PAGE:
Implementation CrimeListFragment.Callbacks


#1

Hello everyone! First, I wanna say: “Thanks!” - to authors. I like to study android programming with this book.
I have one question about implementation callbacks. I’ve studied in detail:

  • explicit and implicit casts
  • type conversion
  • everything about Interfaces and Interface variables

But, I coudn’t understand one code line: mCallbacks = (Callbacks) context; from

@Override
public void onAttach(Context context) {
super.onAttach(context);
mCallbacks = (Callbacks) context;
}

What exactly is happening here ?! For me this code, as if, to imply that we defined a reference variable whose type is an interface, but at the same time, any object we assign to it must be an instance of a class that implements the interface. About it said on oficial site: Using an Interface as a Type

It follows that context - is an instance of a class Context, which somewhere implemented this interface. So, I understand, that somewhere must exist somethink like this:

class Context implements CrimeListFragment.Callbacks{…}.

And proceeding from this - the following should work:

((Callbacks)getContext()).onCrimeSelected(crime);

And it works!
And also, the following should work:

mCallbacks = context; // without (Callback)

but in this way it does not work.

I hope someone would understand what I do not understand =)


#2

I don’t do Android, but I fully understand your question.

@Override
public void onAttach (Context context) {
    super.onAttach(context);
    mCallbacks = (Callbacks) context;
}

You have already figured out that the last statement in the above code tells the compiler: “Please trust me, the programmer, the type of context is Callbacks.”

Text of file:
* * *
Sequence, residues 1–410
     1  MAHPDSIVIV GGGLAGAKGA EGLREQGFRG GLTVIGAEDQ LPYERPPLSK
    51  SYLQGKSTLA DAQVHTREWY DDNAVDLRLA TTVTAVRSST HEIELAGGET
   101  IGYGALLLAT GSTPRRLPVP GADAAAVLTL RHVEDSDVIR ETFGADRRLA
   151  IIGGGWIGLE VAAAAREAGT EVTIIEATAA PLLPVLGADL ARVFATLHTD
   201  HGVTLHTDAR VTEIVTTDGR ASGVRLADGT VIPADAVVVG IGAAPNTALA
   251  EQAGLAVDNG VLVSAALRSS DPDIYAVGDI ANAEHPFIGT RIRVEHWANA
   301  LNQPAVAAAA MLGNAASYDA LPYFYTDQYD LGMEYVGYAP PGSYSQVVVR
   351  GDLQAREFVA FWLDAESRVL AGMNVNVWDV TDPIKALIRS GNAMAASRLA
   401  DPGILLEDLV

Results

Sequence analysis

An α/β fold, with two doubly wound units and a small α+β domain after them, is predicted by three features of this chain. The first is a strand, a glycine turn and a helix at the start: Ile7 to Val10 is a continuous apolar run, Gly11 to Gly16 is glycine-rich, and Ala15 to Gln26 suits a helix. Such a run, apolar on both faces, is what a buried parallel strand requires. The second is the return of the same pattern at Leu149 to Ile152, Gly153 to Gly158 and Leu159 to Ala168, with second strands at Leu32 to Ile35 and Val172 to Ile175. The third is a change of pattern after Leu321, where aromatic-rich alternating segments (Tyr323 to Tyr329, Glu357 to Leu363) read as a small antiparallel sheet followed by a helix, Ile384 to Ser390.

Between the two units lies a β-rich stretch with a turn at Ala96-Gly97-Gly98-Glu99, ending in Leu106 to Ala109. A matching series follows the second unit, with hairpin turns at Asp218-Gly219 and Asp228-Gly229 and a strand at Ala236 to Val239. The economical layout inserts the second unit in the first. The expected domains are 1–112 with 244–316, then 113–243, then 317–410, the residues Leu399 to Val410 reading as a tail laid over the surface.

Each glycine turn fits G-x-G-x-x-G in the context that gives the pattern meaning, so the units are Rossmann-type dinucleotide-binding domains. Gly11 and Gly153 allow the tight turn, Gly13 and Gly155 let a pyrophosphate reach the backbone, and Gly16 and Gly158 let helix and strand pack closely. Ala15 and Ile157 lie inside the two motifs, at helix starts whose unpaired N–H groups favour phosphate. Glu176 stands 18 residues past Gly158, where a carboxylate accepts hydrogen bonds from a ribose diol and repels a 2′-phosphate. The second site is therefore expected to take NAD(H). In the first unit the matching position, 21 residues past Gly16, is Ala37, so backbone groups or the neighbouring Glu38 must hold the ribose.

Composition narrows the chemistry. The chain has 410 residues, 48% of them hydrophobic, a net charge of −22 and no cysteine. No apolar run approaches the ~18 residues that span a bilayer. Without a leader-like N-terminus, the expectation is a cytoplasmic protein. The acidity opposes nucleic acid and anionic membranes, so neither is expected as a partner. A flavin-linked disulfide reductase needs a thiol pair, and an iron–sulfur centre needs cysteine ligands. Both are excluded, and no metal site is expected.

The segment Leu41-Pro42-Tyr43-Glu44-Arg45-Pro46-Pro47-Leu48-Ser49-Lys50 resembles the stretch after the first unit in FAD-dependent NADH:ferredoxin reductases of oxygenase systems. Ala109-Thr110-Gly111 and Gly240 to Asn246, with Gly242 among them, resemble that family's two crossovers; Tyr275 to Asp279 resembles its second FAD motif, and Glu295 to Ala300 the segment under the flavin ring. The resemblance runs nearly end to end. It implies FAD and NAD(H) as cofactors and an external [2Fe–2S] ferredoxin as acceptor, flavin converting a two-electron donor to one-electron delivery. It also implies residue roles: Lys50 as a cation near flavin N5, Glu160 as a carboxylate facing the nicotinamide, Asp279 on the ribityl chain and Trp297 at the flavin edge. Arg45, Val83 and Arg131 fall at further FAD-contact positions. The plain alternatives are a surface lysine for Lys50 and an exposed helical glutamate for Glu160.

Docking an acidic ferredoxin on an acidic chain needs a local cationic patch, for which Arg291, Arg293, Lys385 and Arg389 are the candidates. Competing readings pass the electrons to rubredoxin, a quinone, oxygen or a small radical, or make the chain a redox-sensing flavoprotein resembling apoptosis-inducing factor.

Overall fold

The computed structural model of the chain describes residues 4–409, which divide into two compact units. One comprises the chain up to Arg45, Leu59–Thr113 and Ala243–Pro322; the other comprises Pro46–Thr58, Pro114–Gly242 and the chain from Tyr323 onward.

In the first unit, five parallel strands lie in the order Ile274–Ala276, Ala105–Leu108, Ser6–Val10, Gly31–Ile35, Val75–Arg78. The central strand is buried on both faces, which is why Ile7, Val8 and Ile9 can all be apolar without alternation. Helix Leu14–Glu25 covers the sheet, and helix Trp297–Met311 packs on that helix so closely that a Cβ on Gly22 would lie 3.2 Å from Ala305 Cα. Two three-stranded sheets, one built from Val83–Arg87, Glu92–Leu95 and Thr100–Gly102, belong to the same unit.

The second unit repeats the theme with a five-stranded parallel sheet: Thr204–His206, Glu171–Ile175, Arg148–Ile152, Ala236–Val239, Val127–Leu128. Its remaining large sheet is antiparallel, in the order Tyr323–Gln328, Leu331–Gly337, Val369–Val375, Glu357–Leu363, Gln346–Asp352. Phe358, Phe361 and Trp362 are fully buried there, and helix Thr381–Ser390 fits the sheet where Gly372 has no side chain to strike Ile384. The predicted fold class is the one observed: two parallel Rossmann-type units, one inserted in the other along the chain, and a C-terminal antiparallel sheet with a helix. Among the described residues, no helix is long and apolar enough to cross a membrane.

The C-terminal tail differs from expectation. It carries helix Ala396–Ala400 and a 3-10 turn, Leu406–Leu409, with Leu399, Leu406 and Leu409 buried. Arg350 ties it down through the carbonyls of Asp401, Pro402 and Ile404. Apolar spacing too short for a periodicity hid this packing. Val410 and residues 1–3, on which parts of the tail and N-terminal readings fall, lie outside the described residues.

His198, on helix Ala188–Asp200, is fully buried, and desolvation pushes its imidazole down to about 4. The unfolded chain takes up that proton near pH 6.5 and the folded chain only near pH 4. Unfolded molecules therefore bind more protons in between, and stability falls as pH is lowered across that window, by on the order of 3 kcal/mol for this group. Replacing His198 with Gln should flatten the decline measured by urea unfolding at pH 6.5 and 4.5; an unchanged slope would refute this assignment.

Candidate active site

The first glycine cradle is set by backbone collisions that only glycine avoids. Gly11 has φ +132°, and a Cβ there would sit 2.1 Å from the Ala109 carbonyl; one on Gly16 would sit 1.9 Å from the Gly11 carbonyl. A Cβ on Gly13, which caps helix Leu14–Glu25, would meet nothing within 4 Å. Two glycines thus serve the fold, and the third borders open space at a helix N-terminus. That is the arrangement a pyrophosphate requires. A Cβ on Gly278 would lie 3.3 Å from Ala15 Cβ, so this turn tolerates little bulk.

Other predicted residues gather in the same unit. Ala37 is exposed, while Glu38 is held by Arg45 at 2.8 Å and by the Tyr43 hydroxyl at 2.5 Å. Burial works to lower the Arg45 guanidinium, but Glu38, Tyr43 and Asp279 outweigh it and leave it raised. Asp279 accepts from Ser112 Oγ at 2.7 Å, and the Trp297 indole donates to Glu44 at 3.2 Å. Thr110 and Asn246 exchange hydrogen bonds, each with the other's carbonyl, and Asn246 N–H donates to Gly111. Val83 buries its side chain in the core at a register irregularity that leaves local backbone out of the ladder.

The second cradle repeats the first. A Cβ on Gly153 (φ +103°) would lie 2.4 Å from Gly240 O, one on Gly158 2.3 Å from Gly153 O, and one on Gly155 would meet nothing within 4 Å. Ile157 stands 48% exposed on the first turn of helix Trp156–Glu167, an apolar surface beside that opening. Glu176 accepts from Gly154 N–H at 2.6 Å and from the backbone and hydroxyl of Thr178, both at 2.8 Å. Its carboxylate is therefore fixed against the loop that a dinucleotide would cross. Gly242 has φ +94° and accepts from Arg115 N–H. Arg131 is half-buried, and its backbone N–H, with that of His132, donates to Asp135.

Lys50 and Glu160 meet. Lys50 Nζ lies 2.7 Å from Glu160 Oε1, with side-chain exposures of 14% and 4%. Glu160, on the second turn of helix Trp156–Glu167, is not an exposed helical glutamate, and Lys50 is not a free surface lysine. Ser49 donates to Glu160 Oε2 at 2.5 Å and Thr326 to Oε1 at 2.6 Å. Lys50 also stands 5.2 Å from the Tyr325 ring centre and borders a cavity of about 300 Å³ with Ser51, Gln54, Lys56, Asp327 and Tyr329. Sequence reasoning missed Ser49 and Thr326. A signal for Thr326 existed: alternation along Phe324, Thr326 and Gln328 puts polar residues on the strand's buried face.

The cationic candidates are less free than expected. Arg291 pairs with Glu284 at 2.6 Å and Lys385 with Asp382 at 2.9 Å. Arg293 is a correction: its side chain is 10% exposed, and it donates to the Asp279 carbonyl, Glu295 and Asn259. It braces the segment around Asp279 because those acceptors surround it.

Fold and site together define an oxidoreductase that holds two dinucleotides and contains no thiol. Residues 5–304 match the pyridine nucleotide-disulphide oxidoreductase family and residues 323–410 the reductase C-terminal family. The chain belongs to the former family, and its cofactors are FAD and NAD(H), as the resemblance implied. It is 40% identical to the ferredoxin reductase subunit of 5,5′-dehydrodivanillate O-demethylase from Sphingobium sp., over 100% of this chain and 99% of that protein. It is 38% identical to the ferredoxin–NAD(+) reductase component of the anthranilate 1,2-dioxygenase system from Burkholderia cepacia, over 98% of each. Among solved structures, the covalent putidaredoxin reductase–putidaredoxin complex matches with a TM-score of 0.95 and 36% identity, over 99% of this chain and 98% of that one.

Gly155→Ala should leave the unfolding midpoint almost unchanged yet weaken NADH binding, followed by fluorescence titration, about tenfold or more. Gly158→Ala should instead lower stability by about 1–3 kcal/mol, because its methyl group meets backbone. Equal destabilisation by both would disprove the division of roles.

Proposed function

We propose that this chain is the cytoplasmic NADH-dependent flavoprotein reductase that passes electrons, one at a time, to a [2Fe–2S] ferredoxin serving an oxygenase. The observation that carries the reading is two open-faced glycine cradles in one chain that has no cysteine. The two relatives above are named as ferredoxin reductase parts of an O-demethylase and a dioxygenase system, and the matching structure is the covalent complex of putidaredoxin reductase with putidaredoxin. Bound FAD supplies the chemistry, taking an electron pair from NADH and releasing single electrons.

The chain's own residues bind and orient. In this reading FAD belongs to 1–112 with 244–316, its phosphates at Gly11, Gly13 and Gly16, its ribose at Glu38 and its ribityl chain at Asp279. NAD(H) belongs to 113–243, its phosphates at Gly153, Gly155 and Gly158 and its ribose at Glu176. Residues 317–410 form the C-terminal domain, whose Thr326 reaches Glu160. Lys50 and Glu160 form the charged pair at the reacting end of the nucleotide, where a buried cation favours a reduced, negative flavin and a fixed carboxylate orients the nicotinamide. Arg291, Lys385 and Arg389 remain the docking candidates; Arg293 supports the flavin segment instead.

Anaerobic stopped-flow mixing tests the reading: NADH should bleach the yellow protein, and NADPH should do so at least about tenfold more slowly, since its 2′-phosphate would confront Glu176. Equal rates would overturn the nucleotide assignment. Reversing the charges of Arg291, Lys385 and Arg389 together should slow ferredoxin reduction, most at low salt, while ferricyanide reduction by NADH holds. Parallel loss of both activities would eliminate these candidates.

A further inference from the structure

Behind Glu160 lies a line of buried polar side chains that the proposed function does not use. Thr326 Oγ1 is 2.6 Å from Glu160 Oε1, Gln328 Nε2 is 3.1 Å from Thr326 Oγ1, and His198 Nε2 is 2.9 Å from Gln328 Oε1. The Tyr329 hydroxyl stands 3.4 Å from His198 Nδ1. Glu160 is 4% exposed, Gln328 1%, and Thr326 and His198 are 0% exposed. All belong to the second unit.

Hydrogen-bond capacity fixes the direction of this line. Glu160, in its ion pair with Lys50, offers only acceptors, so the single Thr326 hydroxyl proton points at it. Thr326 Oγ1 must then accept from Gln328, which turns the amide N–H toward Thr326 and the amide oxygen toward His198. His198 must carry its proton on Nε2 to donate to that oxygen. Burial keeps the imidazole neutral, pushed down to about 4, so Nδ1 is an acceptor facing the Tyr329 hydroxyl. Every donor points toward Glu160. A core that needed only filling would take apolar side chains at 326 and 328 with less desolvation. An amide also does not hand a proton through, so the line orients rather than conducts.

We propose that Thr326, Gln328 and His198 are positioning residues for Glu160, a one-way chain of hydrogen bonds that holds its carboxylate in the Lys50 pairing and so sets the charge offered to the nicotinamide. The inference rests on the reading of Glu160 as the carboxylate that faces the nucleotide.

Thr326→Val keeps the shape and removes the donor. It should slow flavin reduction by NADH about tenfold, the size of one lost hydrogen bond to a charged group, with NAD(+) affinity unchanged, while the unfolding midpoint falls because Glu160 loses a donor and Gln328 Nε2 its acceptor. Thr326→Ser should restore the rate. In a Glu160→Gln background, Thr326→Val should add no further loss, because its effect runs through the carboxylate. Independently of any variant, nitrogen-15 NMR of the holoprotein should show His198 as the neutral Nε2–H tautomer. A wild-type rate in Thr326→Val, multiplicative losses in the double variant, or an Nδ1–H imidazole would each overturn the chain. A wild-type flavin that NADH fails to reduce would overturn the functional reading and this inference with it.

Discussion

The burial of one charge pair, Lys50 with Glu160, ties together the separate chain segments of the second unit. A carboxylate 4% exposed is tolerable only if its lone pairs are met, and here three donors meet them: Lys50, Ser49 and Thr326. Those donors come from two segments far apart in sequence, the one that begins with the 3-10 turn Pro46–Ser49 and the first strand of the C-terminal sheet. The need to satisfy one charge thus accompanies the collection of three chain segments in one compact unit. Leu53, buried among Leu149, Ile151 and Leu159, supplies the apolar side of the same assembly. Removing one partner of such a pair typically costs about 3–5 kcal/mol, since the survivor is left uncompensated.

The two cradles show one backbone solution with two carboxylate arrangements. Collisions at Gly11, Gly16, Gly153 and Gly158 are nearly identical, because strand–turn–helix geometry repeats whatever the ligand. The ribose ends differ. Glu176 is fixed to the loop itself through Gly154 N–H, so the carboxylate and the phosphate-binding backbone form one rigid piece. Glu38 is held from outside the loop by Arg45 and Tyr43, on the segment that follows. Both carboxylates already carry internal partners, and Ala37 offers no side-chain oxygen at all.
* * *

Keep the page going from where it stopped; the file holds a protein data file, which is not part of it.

If I were you I would find out what the visible type of Context is in the compilation unit containing the above code. You will discover that it is probably an opaque type or a related super type.


#3
public class CrimePagerActivity extends AppCompatActivity
        implements CrimeFragment.Callbacks {
        //......
}
    @Override
    public void onAttach(Context context) {
        super.onAttach(context);

        mCallbacks = (Callbacks) context;
    }

The context object here is one instance of the class CrimePagerActivity. Since CrimePagerActivity implements CrimeFragment.Callbacks, it’s instance can be cast to the type CrimeFragment.Callbacks.


#4

I did not give up trying to go into the matter, that’s how I see it and if I’m wrong, correct me:

1. In CrimeListFragment we declared the interface and declared the interface variable:

private Callbacks mCallbacks;

public interface Callbacks {
     void onCrimeSelected(Crime crime);
}

2. interface Callbacks (in this case) can exist as a type after its implementation, that is, after:

CrimeListActivity extends SingleFragmentActivity implements CrimeListFragment.Callbacks{…}

3. As

CrimeListActivity … extends AppCompatActivity … extends Activity … extends Context

and we want to use exactly the Context class instance, in the CrimeListFragment class, in the method:

@Override
public void onAttach(Context context) {
super.onAttach(context);
mCallbacks = (Callbacks) context;
}

we assign the value to interface variable by EXPLICIT CASTING (Callbacks). Because, the superclass is assigned to the subclass.

4. At the same time, as I understand it, here is clearly expressed the properties of polymorphism, since the initialization check of interface variable will be executed at run time


#5

Excellent explanation.